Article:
Kelly Mejia Breton has a background in mathematics and statistics, and had worked as a senior energy analyst for five years when she quit her job to enroll at NYC Data Science Academy. Kelly had enjoyed learning about machine learning in grad school, and wanted to learn more about how to apply it. Now Kelly has an exciting new job as a Marketing Science Associate Director at Mindshare, where she is using both her old and new skills. Kelly tells us why she chose NYC Data Science Academy over other data science bootcamps, how much she appreciated having other women in her cohort, and why she enjoyed all of the projects she worked on there.
What is your pre-NYC Data Science Academy story? Describe your educational and career background.
I graduated with a bachelor’s of arts degree in mathematics from the University of Rochester in 2006, and started working in finance at Morgan Stanley. I was there for three years in their private wealth management department where I opened accounts, and traded. Soon after that, I decided to pursue a masters in statistics from the City University of New York at Hunter College. I graduated in May 2011 and started working at Pira Energy Group, where I was an analyst. A year and a half later I was promoted to be a senior analyst, forecasting crude prices, and product prices.
After five years in that job, I decided I wanted to go back to doing what I learned from my statistics degree. I loved Pira and I learned a lot there, but my role was based more around fundamentals and economics, and I wanted to be working in statistics. I had tried learning data science on my own using Coursera, but it was difficult to find time alongside my busy work schedule. So I decided I needed to study full-time. I did some research and found that NYC Data Science Academy was the best fit for me.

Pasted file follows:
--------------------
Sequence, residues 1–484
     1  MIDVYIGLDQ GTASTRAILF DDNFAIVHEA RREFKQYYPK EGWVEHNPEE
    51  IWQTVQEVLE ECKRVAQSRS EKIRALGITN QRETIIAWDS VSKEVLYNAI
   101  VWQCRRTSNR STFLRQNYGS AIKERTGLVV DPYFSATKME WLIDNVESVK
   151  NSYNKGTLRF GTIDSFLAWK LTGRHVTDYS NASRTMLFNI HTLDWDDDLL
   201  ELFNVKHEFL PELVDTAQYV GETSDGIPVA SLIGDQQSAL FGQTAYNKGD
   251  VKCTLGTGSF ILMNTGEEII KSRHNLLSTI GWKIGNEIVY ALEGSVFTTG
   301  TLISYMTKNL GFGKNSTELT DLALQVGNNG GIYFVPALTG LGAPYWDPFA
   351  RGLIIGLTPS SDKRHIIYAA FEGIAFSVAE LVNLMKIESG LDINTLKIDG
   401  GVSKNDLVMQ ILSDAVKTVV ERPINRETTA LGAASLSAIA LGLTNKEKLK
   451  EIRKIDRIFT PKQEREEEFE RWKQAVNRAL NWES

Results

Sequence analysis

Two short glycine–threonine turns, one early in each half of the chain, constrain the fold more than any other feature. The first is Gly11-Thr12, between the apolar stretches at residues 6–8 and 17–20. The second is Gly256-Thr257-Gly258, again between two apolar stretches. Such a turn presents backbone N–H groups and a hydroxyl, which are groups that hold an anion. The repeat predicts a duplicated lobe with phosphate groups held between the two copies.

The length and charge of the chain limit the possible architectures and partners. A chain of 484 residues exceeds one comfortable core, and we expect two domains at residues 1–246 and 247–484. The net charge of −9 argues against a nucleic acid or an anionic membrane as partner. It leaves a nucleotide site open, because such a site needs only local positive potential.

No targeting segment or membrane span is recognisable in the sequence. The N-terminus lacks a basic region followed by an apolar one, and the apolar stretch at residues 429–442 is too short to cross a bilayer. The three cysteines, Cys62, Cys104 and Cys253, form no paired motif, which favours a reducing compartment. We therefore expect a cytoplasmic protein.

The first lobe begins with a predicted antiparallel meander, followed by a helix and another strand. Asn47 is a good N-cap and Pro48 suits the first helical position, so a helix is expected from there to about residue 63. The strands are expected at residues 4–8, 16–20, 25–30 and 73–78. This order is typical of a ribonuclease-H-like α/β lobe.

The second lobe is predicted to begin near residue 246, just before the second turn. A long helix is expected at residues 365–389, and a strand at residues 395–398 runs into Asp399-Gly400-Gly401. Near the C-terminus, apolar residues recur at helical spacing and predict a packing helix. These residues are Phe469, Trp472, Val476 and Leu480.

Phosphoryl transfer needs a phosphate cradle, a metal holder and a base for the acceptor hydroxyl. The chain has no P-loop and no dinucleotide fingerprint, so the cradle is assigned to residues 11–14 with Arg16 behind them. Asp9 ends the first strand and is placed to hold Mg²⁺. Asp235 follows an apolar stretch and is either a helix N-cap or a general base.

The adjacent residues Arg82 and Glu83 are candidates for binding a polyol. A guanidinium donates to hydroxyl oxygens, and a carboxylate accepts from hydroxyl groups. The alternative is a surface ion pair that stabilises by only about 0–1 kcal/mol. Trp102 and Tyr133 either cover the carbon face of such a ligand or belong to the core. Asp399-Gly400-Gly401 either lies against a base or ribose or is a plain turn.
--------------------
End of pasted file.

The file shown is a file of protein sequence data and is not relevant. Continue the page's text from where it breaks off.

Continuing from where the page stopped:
Why did you want to specialize in Data Science? How different was that from your previous analyst role?
What I was doing before was more economics and fundamentals– we weren’t using much machine learning. I had done machine learning in my graduate program, and I really wanted to learn more about how to apply it. I had done a little bit with R in my graduate program, but I wanted to do more. So after five years, I thought I needed a refresher, plus I could learn some new algorithms that I hadn’t known.
Why did you choose NYC Data Science Academy over other coding bootcamps? Was the curriculum important?
I did some research and NYC Data Science Academy was highly ranked. At the time when I was looking for a data science program, I found that most of them were on the West Coast, and the only one that compared to that level on the East Coast was the NYC Data Science Academy. I met with them, they were really nice and helpful, and that sealed the deal.
The curriculum was important too. If they hadn’t offered R and Python as a base, I would not have been interested. Also, as a perk they also taught big data topics, like Spark, Hive, and Hadoop.
What was the application and interview process like for you?
The application was an online application, and you had to submit some documents, and do some coding. Then there was an in person interview. The coding challenge was medium difficulty as I hadn’t coded before. Although I had used R as a statistician, I didn’t really code as much. I couldn’t do it on my own so I was googling a lot. I don’t think I did that well on the coding, but NYCDSA looked at my background and skills as a package deal. I don’t have coding, but I do have experience in statistics, analyzing data, and math. Those things probably outweighed the fact that I didn’t know coding. Whereas somebody else with strong coding skills, and not so much statistics, may also be a package deal and be accepted to the program. But if you don’t have a statistics, math, or coding background, then maybe it’s not a great fit. They saw how I was thinking and they saw my background, so they probably thought that I would be a good fit and could pick up whatever I was lacking.
How many people were in your cohort? Was your class diverse in terms of gender, race, life and career backgrounds?
Yes, there were people from literally everywhere, and from all age groups. We were a group of 21 students, and there were five girls. For me, that’s high, because studying math and statistics my whole life, I’ve always been the only girl in the room. They all had similar backgrounds, either physics, math, engineering or computer science.
What was the learning experience like at NYC Data Science Academy? Describe a typical day and teaching style.